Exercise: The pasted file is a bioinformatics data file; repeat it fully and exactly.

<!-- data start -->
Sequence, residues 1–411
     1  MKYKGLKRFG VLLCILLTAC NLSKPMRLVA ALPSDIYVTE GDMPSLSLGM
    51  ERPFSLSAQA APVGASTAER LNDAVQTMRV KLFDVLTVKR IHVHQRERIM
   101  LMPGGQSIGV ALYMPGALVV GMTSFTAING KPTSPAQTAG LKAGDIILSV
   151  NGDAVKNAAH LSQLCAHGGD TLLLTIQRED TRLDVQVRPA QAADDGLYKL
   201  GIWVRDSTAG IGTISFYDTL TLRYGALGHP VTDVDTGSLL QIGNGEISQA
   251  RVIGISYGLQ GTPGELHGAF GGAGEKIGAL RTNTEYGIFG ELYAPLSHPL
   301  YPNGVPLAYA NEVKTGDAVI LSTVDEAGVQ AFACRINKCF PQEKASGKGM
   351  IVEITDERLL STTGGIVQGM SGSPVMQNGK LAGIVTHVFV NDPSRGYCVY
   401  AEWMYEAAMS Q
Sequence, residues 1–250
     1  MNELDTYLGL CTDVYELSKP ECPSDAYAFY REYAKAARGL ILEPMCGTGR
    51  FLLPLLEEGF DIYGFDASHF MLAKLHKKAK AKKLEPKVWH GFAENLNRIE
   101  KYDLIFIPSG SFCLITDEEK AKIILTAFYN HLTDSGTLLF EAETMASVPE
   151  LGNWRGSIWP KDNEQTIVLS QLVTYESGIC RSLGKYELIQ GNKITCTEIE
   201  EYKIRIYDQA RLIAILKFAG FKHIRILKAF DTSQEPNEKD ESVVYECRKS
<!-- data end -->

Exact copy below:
Sequence, residues 1–411
     1  MKYKGLKRFG VLLCILLTAC NLSKPMRLVA ALPSDIYVTE GDMPSLSLGM
    51  ERPFSLSAQA APVGASTAER LNDAVQTMRV KLFDVLTVKR IHVHQRERIM
   101  LMPGGQSIGV ALYMPGALVV GMTSFTAING KPTSPAQTAG LKAGDIILSV
   151  NGDAVKNAAH LSQLCAHGGD TLLLTIQRED TRLDVQVRPA QAADDGLYKL
   201  GIWVRDSTAG IGTISFYDTL TLRYGALGHP VTDVDTGSLL QIGNGEISQA
   251  RVIGISYGLQ GTPGELHGAF GGAGEKIGAL RTNTEYGIFG ELYAPLSHPL
   301  YPNGVPLAYA NEVKTGDAVI LSTVDEAGVQ AFACRINKCF PQEKASGKGM
   351  IVEITDERLL STTGGIVQGM SGSPVMQNGK LAGIVTHVFV NDPSRGYCVY
   401  AEWMYEAAMS Q
Sequence, residues 1–250
     1  MNELDTYLGL CTDVYELSKP ECPSDAYAFY REYAKAARGL ILEPMCGTGR
    51  FLLPLLEEGF DIYGFDASHF MLAKLHKKAK AKKLEPKVWH GFAENLNRIE
   101  KYDLIFIPSG SFCLITDEEK AKIILTAFYN HLTDSGTLLF EAETMASVPE
   151  LGNWRGSIWP KDNEQTIVLS QLVTYESGIC RSLGKYELIQ GNKITCTEIE
   201  EYKIRIYDQA RLIAILKFAG FKHIRILKAF DTSQEPNEKD ESVVYECRKS